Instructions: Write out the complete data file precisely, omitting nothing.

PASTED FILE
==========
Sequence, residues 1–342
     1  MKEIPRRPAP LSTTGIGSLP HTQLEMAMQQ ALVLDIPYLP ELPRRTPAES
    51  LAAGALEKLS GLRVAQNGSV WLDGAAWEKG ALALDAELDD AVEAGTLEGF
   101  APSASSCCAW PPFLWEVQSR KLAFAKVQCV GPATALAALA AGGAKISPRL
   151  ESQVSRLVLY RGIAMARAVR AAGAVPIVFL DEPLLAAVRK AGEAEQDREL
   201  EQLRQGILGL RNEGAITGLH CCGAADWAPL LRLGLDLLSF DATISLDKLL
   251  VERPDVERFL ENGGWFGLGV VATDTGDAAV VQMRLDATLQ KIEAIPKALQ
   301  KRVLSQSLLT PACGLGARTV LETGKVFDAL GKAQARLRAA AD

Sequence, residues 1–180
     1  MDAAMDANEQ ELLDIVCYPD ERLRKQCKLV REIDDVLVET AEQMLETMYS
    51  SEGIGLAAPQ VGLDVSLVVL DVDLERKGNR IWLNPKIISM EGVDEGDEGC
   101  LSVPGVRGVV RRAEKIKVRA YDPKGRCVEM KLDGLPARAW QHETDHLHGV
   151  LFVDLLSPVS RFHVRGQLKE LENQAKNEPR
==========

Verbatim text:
Sequence, residues 1–342
     1  MKEIPRRPAP LSTTGIGSLP HTQLEMAMQQ ALVLDIPYLP ELPRRTPAES
    51  LAAGALEKLS GLRVAQNGSV WLDGAAWEKG ALALDAELDD AVEAGTLEGF
   101  APSASSCCAW PPFLWEVQSR KLAFAKVQCV GPATALAALA AGGAKISPRL
   151  ESQVSRLVLY RGIAMARAVR AAGAVPIVFL DEPLLAAVRK AGEAEQDREL
   201  EQLRQGILGL RNEGAITGLH CCGAADWAPL LRLGLDLLSF DATISLDKLL
   251  VERPDVERFL ENGGWFGLGV VATDTGDAAV VQMRLDATLQ KIEAIPKALQ
   301  KRVLSQSLLT PACGLGARTV LETGKVFDAL GKAQARLRAA AD

Sequence, residues 1–180
     1  MDAAMDANEQ ELLDIVCYPD ERLRKQCKLV REIDDVLVET AEQMLETMYS
    51  SEGIGLAAPQ VGLDVSLVVL DVDLERKGNR IWLNPKIISM EGVDEGDEGC
   101  LSVPGVRGVV RRAEKIKVRA YDPKGRCVEM KLDGLPARAW QHETDHLHGV
   151  LFVDLLSPVS RFHVRGQLKE LENQAKNEPR